People Vote their Party, not their Personal Beliefs

People vote on an issue based on the facts and their ideology, or personal beliefs, but they disregard both the facts and their personal beliefs when they are aware of their political party’s position, according to a Yale study.

Moreover, people are not cognizant that they are influenced by their party’s position and believe that their stance stems from an objective assessment of the policy’s merits.

“This research suggests that people base consequential attitudes about important social problems largely upon the attitude of party leaders and peers,” said Geoffrey Cohen, assistant professor of psychology and author of the study published in the November issue of the Journal of Personality and Social Psychology. “And they do so while remaining convinced that they have formed their beliefs autonomously and objectively.”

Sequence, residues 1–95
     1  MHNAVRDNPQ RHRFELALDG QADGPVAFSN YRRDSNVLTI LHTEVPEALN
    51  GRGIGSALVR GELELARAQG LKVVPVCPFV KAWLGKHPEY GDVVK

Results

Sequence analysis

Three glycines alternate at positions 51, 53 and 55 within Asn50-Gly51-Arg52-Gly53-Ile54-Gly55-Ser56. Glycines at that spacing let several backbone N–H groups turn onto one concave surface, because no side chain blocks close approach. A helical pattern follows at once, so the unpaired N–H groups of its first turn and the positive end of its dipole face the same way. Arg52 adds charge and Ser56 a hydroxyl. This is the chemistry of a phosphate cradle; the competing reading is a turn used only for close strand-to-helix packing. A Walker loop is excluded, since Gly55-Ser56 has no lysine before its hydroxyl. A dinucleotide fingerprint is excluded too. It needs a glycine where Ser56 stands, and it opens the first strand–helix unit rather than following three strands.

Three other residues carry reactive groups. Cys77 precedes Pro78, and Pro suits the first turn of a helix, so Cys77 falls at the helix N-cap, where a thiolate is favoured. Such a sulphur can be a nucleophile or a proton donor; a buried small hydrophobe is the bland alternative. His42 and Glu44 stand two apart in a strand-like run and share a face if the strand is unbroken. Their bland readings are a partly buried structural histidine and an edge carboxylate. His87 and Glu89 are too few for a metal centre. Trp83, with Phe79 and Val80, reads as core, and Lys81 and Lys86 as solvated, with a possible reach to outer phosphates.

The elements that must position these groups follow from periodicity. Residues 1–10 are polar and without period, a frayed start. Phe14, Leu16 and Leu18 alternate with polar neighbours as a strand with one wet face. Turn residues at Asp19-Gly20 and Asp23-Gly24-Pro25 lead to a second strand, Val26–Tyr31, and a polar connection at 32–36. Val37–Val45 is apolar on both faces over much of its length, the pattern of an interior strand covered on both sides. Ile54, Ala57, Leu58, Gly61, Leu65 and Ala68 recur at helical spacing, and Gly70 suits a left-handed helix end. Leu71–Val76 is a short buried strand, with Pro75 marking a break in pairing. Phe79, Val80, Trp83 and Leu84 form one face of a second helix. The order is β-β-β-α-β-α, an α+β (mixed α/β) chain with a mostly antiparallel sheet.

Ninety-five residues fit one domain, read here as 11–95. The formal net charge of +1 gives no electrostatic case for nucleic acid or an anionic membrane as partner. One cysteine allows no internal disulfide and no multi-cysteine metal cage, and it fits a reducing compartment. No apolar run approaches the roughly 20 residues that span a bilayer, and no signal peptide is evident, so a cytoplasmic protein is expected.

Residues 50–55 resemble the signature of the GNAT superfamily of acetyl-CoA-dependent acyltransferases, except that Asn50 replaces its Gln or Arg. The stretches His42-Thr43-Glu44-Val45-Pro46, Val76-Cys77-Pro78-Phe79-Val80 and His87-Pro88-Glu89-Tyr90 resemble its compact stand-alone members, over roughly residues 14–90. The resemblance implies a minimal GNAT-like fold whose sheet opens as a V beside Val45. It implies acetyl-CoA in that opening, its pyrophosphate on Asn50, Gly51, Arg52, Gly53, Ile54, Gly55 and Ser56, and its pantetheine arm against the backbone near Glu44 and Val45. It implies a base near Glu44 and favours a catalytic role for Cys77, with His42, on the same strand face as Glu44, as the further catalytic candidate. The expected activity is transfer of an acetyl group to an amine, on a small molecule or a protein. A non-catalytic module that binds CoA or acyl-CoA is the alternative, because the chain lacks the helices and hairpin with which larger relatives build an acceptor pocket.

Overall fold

One of Cohen’s studies included 48 individuals earlier identified as liberals and 31 identified as conservatives. They voted on two hypothetical welfare policies – one very generous and the other very stringent.

When they did not know the position of their party, people voted consistent with their personal ideology and the objective content of the policy. Liberals preferred the generous policy, conservatives the stringent one. However, when informed of their political party’s position on the issue, they disregarded the content of the policy and assumed the party’s position. They even backed up their position by writing editorials that they thought would be reviewed by real policy makers at a political institute. In addition, individuals thought that votes contrary to their own were based on partisanship and political biases.

“To the extent that people remain blind to group influence on themselves, they may feel that they alone have based their beliefs on a rational assessment of the facts, while their adversaries, and even their allies, are biased,” Cohen said.

He now is examining intervention strategies to encourage a more rational, even-handed examination of information relevant to political issues.

Citation: Journal of Personality and Social Psychology, Vol. 85: pp. 808-822; (November 2003)

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